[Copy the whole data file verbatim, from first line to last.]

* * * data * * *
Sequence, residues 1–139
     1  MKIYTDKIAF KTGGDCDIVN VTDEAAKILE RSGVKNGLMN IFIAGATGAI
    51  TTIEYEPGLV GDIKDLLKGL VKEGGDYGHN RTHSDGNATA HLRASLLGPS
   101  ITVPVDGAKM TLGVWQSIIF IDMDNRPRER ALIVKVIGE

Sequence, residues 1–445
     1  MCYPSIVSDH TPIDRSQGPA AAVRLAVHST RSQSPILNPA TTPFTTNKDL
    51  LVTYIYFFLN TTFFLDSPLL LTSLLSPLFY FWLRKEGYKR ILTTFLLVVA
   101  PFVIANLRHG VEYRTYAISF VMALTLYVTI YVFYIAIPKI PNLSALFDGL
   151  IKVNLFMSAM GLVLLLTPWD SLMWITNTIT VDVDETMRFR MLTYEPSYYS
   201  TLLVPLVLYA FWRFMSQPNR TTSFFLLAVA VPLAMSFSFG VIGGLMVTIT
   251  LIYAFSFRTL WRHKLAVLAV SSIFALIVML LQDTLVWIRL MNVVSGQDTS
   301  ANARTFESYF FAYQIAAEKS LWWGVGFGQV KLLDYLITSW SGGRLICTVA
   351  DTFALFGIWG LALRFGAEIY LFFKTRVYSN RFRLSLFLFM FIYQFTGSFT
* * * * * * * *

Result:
Sequence, residues 1–139
     1  MKIYTDKIAF KTGGDCDIVN VTDEAAKILE RSGVKNGLMN IFIAGATGAI
    51  TTIEYEPGLV GDIKDLLKGL VKEGGDYGHN RTHSDGNATA HLRASLLGPS
   101  ITVPVDGAKM TLGVWQSIIF IDMDNRPRER ALIVKVIGE

Sequence, residues 1–445
     1  MCYPSIVSDH TPIDRSQGPA AAVRLAVHST RSQSPILNPA TTPFTTNKDL
    51  LVTYIYFFLN TTFFLDSPLL LTSLLSPLFY FWLRKEGYKR ILTTFLLVVA
   101  PFVIANLRHG VEYRTYAISF VMALTLYVTI YVFYIAIPKI PNLSALFDGL
   151  IKVNLFMSAM GLVLLLTPWD SLMWITNTIT VDVDETMRFR MLTYEPSYYS
   201  TLLVPLVLYA FWRFMSQPNR TTSFFLLAVA VPLAMSFSFG VIGGLMVTIT
   251  LIYAFSFRTL WRHKLAVLAV SSIFALIVML LQDTLVWIRL MNVVSGQDTS
   301  ANARTFESYF FAYQIAAEKS LWWGVGFGQV KLLDYLITSW SGGRLICTVA
   351  DTFALFGIWG LALRFGAEIY LFFKTRVYSN RFRLSLFLFM FIYQFTGSFT